Mathews has long been a leader in the battle against bow noise and vibration, and the Vertix continues that tradition. Most notably, the bottom front of the riser is home to an Enhanced Harmonic Stabilizer (EHS) — basically a weighted shock absorber mounted in a rubber fixture that drastically reduces shot vibration and felt recoil in the hand. Mathews says the location of the EHS also moves additional weight forward of and below the grip, something that helps improve overall bow stability and steadiness on target.

Dovetail Rest Mount

One of the coolest features on the Vertix is an all-new, first-of-its-kind dovetail mount machined directly into back side of the riser adjacent to the shelf. This mount allows for quick and easy installation of the all-new Mathews Integrate MX Ultra Rest developed in partnership with QAD. This mounting system seamlessly connects the bow and rest and makes for extremely quick and easy rest installation. The rest itself, meanwhile, features QAD’s proven drop-away technology and precision horizontal and vertical tuning capabilities.

For those who prefer to use a different rest, the Vertix offers a standard rest-mounting hole. However, after seeing how perfectly the Integrate’s dovetail design blends with the bow, I wouldn’t be surprised to see other bow manufacturers adopt similar systems in the future. This is another significant Mathews innovation.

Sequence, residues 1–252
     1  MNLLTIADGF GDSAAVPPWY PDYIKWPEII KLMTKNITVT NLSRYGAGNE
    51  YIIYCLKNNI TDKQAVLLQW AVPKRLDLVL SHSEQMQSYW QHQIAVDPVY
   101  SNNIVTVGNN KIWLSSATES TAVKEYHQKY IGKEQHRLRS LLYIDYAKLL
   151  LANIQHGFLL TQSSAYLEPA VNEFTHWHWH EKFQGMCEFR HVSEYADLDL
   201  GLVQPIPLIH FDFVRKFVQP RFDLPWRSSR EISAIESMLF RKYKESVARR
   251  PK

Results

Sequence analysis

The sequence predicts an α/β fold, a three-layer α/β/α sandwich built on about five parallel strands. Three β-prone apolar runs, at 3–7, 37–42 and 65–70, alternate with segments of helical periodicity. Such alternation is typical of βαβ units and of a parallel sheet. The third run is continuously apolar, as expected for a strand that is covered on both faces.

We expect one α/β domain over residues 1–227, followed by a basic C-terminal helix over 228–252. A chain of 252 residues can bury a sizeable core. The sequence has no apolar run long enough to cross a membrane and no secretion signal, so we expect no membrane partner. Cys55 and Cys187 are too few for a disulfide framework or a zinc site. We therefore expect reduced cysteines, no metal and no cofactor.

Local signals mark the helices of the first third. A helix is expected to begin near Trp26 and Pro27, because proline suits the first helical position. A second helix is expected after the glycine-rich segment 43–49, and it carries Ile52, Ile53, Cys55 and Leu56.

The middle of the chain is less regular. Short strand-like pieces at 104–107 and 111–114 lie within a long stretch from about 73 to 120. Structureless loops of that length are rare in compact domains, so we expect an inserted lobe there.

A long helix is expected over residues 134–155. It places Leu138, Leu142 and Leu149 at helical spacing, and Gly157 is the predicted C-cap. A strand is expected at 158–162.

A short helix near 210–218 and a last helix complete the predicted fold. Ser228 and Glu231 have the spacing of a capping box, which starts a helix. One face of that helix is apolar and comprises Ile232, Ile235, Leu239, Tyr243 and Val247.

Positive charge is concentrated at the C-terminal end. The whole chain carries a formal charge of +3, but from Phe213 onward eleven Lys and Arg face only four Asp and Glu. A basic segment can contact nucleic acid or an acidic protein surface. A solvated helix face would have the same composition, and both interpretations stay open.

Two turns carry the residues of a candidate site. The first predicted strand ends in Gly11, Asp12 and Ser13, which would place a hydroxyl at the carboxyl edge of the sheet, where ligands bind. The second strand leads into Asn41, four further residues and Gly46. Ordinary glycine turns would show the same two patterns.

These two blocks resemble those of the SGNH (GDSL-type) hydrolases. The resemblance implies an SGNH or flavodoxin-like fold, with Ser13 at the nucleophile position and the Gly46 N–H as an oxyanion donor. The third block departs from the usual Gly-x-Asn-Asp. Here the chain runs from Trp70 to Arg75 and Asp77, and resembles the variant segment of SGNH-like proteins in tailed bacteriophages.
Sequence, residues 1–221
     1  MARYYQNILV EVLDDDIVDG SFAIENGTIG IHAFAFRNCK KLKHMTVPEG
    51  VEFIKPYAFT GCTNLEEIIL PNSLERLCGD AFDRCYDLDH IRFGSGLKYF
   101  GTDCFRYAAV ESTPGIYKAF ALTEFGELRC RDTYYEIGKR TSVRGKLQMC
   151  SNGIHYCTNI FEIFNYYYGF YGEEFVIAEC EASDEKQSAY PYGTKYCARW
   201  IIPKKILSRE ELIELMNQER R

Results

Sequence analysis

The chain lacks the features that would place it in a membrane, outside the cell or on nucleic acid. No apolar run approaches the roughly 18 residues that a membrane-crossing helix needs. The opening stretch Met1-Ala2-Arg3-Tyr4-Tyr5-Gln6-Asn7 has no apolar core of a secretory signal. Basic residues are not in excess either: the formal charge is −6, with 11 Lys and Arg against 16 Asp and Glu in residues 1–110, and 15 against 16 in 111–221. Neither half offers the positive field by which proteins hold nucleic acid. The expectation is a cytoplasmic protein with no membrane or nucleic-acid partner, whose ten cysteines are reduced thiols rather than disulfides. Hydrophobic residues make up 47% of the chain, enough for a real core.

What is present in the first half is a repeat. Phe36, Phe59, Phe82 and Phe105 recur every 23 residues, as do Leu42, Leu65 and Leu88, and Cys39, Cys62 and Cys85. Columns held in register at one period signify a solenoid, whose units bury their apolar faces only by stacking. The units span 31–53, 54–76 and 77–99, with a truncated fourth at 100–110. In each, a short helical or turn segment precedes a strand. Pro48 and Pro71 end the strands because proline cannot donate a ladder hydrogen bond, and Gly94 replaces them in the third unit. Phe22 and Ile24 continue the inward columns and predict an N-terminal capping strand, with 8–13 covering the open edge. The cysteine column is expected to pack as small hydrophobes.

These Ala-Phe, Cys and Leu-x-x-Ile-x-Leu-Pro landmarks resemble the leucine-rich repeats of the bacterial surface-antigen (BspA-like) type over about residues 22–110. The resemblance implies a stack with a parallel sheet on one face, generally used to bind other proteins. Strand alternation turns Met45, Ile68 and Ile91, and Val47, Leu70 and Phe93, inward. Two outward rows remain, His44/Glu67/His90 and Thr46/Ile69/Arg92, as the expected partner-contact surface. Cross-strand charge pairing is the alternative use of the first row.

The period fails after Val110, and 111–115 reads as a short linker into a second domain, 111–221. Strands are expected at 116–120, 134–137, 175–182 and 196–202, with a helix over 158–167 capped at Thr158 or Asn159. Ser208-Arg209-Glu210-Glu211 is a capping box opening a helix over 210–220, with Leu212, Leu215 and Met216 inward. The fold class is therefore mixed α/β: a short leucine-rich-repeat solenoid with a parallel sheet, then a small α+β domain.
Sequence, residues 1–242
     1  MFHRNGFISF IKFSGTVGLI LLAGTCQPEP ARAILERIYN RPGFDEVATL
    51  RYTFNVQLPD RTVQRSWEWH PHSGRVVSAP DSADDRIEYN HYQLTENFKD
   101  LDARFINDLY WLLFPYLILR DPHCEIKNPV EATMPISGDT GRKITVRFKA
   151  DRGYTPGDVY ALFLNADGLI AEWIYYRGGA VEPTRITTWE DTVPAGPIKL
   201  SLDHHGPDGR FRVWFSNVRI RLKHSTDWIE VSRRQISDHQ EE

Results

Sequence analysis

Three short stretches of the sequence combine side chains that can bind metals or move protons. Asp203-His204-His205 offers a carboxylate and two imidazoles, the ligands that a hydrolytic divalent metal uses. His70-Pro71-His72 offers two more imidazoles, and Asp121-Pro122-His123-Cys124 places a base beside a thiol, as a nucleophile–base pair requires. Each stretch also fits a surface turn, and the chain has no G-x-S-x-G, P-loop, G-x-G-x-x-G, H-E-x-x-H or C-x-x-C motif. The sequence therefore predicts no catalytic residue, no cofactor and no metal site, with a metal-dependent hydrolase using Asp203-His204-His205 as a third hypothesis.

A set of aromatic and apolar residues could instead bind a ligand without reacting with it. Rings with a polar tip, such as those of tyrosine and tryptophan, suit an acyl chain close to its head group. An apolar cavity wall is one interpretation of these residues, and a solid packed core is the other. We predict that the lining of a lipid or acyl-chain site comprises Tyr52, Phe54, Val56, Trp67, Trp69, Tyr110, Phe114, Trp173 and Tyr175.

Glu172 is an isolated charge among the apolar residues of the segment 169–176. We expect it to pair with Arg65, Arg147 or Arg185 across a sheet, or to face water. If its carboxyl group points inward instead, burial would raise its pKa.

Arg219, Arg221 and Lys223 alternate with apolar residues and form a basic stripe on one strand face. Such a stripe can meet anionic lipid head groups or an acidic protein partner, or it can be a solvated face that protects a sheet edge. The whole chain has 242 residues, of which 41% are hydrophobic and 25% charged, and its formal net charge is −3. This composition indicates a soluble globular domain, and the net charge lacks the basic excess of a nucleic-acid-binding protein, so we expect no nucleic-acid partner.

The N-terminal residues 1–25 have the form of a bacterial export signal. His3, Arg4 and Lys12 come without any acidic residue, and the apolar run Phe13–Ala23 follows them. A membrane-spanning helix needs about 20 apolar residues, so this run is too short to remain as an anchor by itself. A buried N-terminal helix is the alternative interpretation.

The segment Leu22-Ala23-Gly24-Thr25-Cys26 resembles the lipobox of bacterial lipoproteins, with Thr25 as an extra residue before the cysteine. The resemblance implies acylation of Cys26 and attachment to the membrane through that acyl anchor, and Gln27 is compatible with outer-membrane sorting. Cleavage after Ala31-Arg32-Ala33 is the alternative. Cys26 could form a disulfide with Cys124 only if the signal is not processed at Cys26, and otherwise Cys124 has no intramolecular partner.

What Else?

In addition to those specifications already mentioned, the Vertix weighs 4.67 pounds and accommodates draw lengths from 26-30 ½ inches, in half-inch increments. New for 2019, Mathews is offering the Vertix in Realtree Edge camouflage. Other camo finish options include Ridge Reaper Barren, Ridge Reaper Forest, Optifade Elevated II and Optifade Subalpine. Solid-color options include Black and Stone (pictured).

Range Notes

Based on my experience shooting the Vertix both outdoors and on an indoor range, I would say Mathews has done a great job on the Vertix. Overall quality, fit and finish is first-rate – as you would expect from a Mathews flagship bow.

While shooting the Vertix — particularly during my indoor session — I found the noise of my arrows hitting the foam 3-D target far louder than the sound of the bow itself. And in terms of overall balance, I found the Vertix extremely steady during aiming and after the shot. In recent years, I noticed that many Mathews bows tended to tip forward from the top upon string release. However, that tendency is greatly diminished on the Vertix, allowing for an excellent follow-through after releasing the string.

As for the Vertix draw cycle, I would describe it as extremely smooth, with a quick rise to peak weight, followed by an easy transition into a fairly wide valley before arriving at a solid back wall that allows you to settle in comfortably while aiming and executing the shot.

While aiming, I found the Vertix very well balanced both vertically and horizontally, making it easy to hold steady while pulling through the shot. And, upon release, there was little audible bow report and just a hint of short-lived vibration in the grip. It’s worth noting here that the test bow Mathews provided came with a Mathews Flatline Stabilizer installed. Because of that, it is likely I would have felt more vibration in my hand had the stabilizer not been present.